Instagram’s body image effect

Viewing sexualised Instagram posts by online influencers increases the negative mood and body dissatisfaction of young female adults who view them, and promotes negative effects among viewers beyond striving for thinness and attractiveness.

A new study by Flinders University researchers highlights the negative impact of sexualised images on social media and the need for enhanced regulation in relation to influencer advertising.

Associate Professor Ivanka Prichard, who leads the Embrace Impact Lab at Flinders University.

“Some Influencers endorse lingerie and bikini products, and there is growing concern about the overtly sexualised nature of the imagery they post to social media,” says body image expert Associate Professor Prichard, who leads the Embrace Impact Lab at Flinders University.

“This problem is amplified by the popularity of Instagram among young adults aged 18–34 years, with more than two billion active users monthly.”

The study investigated the effect of viewing both standard fashion and sexualised imagery (in lingerie/bikini garments and posed in a suggestive manner) posted by the same female influencers on young women’s mood and body dissatisfaction.

Females aged 17–25 years were recruited online and completed pre- and post-viewing measurements of mood and body dissatisfaction, as well as measures of appearance comparison and self-objectification.

Photo: Pixabay

“Exposure to influencer imagery led to greater negative mood, body dissatisfaction, appearance comparison and self-objectification than exposure to control images,” says Associate Professor Prichard.

“Furthermore, exposure to sexualised images led to an even greater negative mood, body dissatisfaction and appearance comparison than exposure to standard fashion images of influencers – and this was with images chosen as being only moderately sexualised (for ethical reasons) rather than hypersexualised, which depict more lewd poses.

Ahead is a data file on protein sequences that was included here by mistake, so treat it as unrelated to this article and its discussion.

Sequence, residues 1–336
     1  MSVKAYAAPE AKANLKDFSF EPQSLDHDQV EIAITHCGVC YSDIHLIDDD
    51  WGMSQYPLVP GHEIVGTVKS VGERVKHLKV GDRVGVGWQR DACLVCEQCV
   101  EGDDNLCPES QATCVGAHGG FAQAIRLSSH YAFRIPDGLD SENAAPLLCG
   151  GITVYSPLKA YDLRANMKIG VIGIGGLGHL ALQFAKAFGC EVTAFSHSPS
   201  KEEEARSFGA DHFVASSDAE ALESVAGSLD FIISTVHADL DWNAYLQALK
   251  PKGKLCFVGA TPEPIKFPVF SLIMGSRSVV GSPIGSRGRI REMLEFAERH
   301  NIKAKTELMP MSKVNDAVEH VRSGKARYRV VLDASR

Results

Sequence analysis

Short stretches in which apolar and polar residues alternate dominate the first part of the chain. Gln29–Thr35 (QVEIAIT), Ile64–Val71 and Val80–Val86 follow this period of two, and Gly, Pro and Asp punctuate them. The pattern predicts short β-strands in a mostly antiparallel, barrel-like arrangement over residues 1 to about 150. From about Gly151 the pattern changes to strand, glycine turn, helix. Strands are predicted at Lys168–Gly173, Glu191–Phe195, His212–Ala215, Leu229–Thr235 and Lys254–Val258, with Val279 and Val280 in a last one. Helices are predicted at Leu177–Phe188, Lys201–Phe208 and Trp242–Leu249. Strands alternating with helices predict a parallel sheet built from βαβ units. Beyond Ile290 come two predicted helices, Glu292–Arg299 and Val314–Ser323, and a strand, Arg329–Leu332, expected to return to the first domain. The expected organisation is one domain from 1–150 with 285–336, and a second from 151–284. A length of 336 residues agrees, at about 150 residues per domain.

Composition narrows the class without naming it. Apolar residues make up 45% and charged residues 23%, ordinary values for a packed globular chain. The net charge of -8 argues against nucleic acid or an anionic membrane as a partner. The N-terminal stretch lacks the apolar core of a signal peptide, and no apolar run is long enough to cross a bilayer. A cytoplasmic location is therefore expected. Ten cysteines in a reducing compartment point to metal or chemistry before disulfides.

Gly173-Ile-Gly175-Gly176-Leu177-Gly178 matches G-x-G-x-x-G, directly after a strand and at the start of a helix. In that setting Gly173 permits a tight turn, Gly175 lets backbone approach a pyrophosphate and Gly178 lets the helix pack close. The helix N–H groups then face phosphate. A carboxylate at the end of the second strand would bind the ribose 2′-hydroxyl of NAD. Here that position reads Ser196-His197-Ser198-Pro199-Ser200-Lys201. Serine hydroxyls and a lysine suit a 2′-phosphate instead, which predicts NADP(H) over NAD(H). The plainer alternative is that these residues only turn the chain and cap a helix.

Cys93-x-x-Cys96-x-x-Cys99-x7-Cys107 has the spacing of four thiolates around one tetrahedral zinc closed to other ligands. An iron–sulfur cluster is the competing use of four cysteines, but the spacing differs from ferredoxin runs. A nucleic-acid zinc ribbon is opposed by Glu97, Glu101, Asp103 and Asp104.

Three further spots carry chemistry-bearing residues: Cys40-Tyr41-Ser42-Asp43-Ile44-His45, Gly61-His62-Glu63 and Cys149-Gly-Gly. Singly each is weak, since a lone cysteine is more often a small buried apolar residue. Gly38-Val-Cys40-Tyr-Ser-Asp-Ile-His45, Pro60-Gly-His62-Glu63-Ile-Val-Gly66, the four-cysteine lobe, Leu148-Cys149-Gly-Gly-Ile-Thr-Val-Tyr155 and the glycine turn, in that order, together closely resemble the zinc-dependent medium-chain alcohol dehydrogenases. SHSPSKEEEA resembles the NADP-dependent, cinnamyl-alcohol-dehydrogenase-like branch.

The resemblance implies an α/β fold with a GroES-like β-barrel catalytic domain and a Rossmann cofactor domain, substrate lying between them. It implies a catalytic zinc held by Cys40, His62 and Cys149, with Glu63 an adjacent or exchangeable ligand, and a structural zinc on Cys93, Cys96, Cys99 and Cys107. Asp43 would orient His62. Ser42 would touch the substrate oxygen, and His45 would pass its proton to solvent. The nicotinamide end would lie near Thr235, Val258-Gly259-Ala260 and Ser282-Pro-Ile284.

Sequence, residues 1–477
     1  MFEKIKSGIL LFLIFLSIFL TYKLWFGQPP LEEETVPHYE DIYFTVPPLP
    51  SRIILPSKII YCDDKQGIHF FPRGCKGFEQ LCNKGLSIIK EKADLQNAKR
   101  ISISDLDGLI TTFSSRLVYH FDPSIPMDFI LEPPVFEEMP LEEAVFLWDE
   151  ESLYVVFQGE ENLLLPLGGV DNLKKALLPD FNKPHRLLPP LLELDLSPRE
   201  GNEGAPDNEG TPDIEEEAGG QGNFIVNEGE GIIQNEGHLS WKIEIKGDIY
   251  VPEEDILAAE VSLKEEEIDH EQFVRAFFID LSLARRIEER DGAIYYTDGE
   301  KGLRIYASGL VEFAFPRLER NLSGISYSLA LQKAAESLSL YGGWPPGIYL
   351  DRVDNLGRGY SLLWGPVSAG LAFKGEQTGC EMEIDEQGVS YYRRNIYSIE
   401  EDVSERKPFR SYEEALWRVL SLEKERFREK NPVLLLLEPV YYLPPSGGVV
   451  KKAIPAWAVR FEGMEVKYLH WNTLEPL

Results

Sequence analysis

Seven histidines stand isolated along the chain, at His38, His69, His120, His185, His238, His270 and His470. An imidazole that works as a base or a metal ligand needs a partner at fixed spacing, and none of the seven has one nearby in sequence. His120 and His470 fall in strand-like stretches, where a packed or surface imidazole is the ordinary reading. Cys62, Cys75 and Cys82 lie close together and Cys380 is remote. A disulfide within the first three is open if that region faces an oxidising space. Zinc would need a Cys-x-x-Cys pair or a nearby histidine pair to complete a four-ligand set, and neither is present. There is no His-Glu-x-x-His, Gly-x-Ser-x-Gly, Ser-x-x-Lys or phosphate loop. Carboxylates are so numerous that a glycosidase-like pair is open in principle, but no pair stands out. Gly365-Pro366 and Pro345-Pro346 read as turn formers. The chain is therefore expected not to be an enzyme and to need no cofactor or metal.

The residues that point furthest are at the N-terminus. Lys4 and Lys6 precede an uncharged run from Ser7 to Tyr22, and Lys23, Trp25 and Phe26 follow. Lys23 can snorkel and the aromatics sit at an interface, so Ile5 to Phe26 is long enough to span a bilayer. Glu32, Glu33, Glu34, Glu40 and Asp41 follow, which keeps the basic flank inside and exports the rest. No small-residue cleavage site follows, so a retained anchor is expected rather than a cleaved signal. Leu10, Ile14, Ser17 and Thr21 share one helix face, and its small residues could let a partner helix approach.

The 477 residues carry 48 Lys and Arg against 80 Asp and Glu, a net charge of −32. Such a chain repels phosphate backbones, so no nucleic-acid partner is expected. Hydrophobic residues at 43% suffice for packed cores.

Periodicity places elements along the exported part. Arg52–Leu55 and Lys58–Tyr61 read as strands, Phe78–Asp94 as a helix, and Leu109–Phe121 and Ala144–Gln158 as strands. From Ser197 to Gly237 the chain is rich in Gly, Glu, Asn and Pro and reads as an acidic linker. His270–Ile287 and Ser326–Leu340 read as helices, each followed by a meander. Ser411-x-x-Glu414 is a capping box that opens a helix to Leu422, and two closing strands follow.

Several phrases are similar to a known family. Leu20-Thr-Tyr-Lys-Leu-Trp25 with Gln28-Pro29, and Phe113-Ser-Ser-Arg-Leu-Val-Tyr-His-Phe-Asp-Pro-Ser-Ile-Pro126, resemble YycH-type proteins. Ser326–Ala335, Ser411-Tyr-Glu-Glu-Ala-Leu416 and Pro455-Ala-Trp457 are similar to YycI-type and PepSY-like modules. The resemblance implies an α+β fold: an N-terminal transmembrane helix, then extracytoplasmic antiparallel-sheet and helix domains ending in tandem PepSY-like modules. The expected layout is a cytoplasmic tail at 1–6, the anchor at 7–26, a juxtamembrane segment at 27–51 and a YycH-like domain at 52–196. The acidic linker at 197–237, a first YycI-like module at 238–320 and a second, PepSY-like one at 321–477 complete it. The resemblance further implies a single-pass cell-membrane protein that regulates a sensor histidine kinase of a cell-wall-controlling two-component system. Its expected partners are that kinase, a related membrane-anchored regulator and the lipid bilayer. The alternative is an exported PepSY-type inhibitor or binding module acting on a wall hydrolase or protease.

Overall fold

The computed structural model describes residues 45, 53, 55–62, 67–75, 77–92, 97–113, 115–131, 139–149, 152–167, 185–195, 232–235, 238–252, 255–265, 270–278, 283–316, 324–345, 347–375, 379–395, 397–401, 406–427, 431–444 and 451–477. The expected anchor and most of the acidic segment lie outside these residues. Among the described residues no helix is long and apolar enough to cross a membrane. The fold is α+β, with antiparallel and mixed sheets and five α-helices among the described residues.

“The most obvious implication is that women should be advised to limit their exposure to such images and to unfollow the accounts of influencers who post this type of material. There is growing evidence that even a short break from Instagram can have considerable benefit.”

Photo: Shutterstock

At a policy level, a new code of ethics for Australian advertisers that came into effect on February 1, 2021, prohibits the use of overtly sexualised images in advertising. However, this does not apply to user-generated material, and therefore does not apply to images posted by influencers on Instagram.

Associate Professor Prichard says it could be argued that influencers, who gain considerable financial benefit from their endorsements, should be held to the same standards as other advertisers.

“Our study findings highlight the detrimental impact of exposure to sexualised imagery, which is an increasingly common part of contemporary social media, and the role of social comparisons to such imagery,” she says.

“We have clearly shown that the effects of sexualisation extend beyond those of attractiveness. These findings illustrate the need for more research and enhanced regulation regarding advertising by influencers on social media.”

The research – “Comparing and self-objectifying: The effect of sexualised imagery posted by Instagram influencers on women’s body image,” by Ivanka Prichard, Brydie Taylor and Marika Tiggemann – has been published by Body Image journal.

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